Torque and momentum.

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Sorry the title should be : Impulse and Momentum

3000Solved Problems in Physics-Shaum's

9.6:
A camper lets fall a heavy mallet of mass M from the height y upon the top of a tent stake of mass m and drives it into the ground a distance d. Find the resistance of the ground, assuming it to be constant and the stake and mallet stay together on impact.

Solution given:

The speed of the mallet on just striking the stake is v= √(2gy). Momentum is conserved at the instant of collision so that Mv=(M+m)v', where v' is the speed of the stake plus mallet just after impact.


My question is why the momentum is conserved since there is external force acting on the system, that is gravity.
 
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  • #2
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The speed of the mallet on just striking the stake is v= √(2gy). Momentum is conserved at the instant of collision so that Mv=(M+m)v', where v' is the speed of the stake plus mallet just after impact.


My question is why the momentum is conserved since there is external force acting on the system, that is gravity.
Mind the wording. They write "at the instant..." or "just after". That means that the time interval is extremely small, infinitesimal. The time just before impact and just after impact are extremely close. In such a short instance of time gravity has done no work on the system, thus momentum is conserved.

Take for example "the instant of time" you drop something from rest. You've already dropped it, but it's speed is still zero. At least a measurable interval of time has to pass before gravity can change the momentum.
 
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Thank you.
But I still believe how small the time interval is, the gravity does not stop from exerting force.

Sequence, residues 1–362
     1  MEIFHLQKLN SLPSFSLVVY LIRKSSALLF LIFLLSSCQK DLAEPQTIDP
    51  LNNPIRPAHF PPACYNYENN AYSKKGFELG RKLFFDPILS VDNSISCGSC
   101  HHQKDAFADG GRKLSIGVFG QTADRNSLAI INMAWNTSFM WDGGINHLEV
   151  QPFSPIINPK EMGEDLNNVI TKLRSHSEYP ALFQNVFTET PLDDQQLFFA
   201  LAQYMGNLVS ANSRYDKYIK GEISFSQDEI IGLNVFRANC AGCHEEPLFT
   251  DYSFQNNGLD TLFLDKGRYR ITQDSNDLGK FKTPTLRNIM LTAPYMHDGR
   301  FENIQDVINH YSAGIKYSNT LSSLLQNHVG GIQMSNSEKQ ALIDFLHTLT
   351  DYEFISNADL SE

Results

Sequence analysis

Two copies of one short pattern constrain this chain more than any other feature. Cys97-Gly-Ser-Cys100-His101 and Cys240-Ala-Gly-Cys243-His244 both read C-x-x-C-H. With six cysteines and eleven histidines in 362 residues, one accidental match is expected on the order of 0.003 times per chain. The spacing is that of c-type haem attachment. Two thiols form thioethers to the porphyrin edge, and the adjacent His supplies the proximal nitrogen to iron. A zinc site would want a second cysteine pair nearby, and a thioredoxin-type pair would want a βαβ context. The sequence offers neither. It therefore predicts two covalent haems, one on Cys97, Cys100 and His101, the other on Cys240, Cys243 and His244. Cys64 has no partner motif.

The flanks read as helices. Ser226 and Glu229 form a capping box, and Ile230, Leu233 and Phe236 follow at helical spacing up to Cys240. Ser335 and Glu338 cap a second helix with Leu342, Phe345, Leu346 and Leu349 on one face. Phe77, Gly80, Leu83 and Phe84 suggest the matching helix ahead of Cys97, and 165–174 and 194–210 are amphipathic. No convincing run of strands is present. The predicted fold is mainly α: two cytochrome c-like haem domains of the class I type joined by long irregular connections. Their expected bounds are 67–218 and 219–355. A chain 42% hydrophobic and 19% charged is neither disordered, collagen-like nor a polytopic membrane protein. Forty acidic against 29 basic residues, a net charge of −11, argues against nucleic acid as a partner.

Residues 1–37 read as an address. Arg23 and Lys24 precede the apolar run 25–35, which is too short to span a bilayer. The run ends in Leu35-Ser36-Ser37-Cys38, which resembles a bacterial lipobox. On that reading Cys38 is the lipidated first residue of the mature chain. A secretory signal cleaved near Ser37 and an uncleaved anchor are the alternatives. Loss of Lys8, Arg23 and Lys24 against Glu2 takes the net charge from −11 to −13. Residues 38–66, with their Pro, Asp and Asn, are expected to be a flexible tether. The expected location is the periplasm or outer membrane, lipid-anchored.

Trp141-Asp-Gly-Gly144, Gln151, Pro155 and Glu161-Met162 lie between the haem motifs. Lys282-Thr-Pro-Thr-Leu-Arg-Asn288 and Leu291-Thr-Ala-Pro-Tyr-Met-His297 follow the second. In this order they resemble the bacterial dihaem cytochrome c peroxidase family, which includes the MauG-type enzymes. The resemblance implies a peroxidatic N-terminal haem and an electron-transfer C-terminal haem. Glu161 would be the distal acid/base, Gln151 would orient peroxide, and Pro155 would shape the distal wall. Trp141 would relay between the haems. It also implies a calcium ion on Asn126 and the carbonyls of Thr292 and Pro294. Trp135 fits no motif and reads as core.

• #4
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Okay. It's true there's still a gravitational force, but the change in momentum is equal to the force times the time interval:

[itex] \frac{\mathrm{d}p}{\mathrm{d}t} = F [/itex]
[itex]\Delta p = \int F\;\mathrm{d}t = F \Delta t = 0[/itex]

So, even when there is a force (which I have never denied), momentum is conserved as long as this force doesn't do any work.
 
  • #5
russ_watters
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Thank you.
But I still believe how small the time interval is, the gravity does not stop from exerting force.
Sure, but if the duration of the collision is very short, the force of gravity is a tiny fraction of the force of the collision. Consider what happens if you just rest the hammer on the stake (nothing).
 
  • #6
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Okay. It's true there's still a gravitational force, but the change in momentum is equal to the force times the time interval:

[itex] \frac{\mathrm{d}p}{\mathrm{d}t} = F [/itex]
[itex]\Delta p = \int F\;\mathrm{d}t = F \Delta t = 0[/itex]

So, even when there is a force (which I have never denied), momentum is conserved as long as this force doesn't do any work.
I think FΔt≠0 since Δt≠0
You can assume it is so small that its product is negligible.
But if F is large value then the product should have the effect on momentum.
 

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